Ammonium halates -- unstable compounds

Ammonium bromate and ammonium iodate both are unstable and rather energetic compounds, especially the bromate salt is very energetic. They can easily be prepared.

This is a fairly safe experiment, despite the fact that an explosive compound is made. The only important thing is that this experiment may not be scaled up. It is also important not to store ammonium bromate.

 

Required chemicals:

  • iodic acid

  • ammonia (12% or better,  it is important that the ammonia is clean and not full of detergents or other additives)

  • sodium bromate (potassium bromate is not suitable)

  • ammonium nitrate

Required equipment:

  • petri dish
  • test tube
  • small burner, used for heating a test tube

Safety:

  • Ammonia at a concentration of 12% is quite noxious. It has a strong pungent smell. Use adequate ventilation.
  • Iodic acid is a strong and corrosive oxidizer, avoid contact with the skin.
  • Sodium bromate is a strong oxidizer. Most likely, sodium bromate is a carcinogen as well, so avoid exposure to this chemical!

Disposal:

  • Let the test tubes with the decomposed material cool down and then rinse them with a dilute solution of sodium hydroxide, don't use ammonia for cleaning them! The waste may be flushed down the drain.

 

Preparation of ammonium bromate

Ammonium bromate can be prepared from sodium bromate and ammonium nitrate. Both solids dissolve in water very well, while ammonium bromate only dissolves moderately well. In a two-step crystallize/recrystallize process one can obtain ammonium bromate of good purity.

Unfortunately this process only works with sodium bromate. Potassium bromate does not dissolve very well in water and hence it is not suitable for making ammonium bromate.

Take 1 ml of water and dissolve a gram or so of ammonium nitrate in the water, such that a concentrated solution is obtained.

Take another 1 ml of water and dissolve a spatula full of sodium bromate in the water (approximately 300 mg).

Mix the two solutions. If a white solid is formed, then heat the liquid, until the liquid is clear again.

Let the liquid cool down. After a few hours there will be a thick layer of crystalline solid at the bottom. This is impure ammonium bromate.

Decant the clear liquid above the solid and put the solid on a piece of folded paper tissue. This can be done by tapping the test tube on the paper tissue, until all of the solid is on the paper tissue. Due to capillary effects, the paper absorbs most of the liquid, which still sticks to the solid.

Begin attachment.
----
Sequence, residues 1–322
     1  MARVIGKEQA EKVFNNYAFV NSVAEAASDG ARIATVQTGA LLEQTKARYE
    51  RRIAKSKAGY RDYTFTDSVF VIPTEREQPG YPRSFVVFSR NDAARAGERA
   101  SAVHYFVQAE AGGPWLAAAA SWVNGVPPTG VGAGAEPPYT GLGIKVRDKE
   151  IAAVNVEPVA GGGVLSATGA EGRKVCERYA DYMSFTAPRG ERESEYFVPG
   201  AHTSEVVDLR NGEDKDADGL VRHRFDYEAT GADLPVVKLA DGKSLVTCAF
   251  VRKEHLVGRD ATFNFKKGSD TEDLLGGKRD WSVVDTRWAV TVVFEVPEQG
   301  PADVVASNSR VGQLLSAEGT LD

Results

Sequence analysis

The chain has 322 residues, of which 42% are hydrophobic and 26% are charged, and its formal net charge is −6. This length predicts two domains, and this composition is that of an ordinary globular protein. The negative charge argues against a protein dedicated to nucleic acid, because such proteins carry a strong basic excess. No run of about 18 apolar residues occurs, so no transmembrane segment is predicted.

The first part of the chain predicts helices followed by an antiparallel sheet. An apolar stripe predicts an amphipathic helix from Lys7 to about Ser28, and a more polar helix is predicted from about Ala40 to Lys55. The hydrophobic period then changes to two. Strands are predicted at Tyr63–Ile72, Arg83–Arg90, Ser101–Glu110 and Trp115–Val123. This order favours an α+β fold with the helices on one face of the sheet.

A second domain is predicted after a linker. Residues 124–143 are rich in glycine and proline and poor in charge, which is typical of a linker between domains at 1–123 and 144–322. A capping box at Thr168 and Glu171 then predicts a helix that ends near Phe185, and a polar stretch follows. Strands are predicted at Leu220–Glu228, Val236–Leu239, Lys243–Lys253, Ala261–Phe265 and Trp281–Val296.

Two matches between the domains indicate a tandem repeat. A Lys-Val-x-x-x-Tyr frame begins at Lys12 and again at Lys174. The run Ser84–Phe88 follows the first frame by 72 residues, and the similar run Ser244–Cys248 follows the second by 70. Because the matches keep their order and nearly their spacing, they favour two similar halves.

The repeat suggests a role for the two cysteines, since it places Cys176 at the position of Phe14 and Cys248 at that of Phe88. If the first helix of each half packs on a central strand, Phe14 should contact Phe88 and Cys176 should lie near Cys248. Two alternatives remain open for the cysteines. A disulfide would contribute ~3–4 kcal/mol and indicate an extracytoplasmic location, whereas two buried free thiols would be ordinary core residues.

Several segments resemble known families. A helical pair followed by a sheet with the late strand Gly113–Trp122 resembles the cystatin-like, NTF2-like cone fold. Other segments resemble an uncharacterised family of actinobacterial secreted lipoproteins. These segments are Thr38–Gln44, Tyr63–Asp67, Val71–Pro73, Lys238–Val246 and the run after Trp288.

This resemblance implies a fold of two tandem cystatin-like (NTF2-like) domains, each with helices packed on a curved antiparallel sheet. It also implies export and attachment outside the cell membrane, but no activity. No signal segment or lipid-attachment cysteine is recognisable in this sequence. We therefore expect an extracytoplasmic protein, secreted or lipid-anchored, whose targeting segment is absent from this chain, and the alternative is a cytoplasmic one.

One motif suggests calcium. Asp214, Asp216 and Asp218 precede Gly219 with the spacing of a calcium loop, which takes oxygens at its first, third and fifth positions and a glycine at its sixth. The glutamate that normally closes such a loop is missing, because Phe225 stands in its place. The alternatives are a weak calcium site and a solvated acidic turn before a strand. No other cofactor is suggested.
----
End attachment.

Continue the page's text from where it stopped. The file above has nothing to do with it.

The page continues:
Carefully scrape the solid from the paper tissue, assuring that no paper is scraped off. Put the solid in a test tube and add half a ml of water. Heat the liquid, until most of the solid has dissolved. Add water drop by drop, in the meantime keeping the liquid hot, until all of the solid has dissolved.

Let the liquid cool down again. After a few hours again a crop of crystals will have formed at the bottom. This is almost pure ammonium bromate.

Again decant the liquid and put the solid on a piece of paper tissue. Once most of the liquid is absorbed by the paper, carefully scrape the solid from the paper and put it on a petri dish and spread a little bit. Put the solid in a dry warm place (e.g. on a heating radiator). After a few hours a perfectly dry white crystalline solid is obtained. The yield will be a few hundreds of mg of solid.

Scrape the solid from the glass and put it in a small tightly closed container for further experimenting. According to some literature it may decompose spontaneously, so do not keep this solid around for a long time, use all of it in subsequent experiments within one day of preparation and in the meantime store the small vial with the ammonium bromate in a glass jar with a loosely tightened metal screw cap, just to be sure that in the case of accidental premature decomposition nothing serious can happen.

 

Heating of the solid ammonium bromate

Put a small amount of the ammonium bromate in a test tube and heat the test tube above the flame of an alcohol burner or a small bunsen burner. After a few seconds a fairly loud pop/whoop sound is produced, a brief flash of orange light is produced and then the solid has decomposed, one of the decomposition products being bromine. It is not a true explosion, but it is close to it. Most remarkable is that the entire test tube is filled with the light of an orange flash for a short time (at most 30 ms). Below, 4 pictures show the sequence of events, just before the decomposition, the flash of orange light and just after the decomposition. Time between two pictures is 33 ms. It also is nice to see that immediately after the flash of light the resulting bromine is higher up in the test tube and more dilute than 33 ms later. This is due to the heat, in which the gas mix expands and which quickly contracts on cooling down.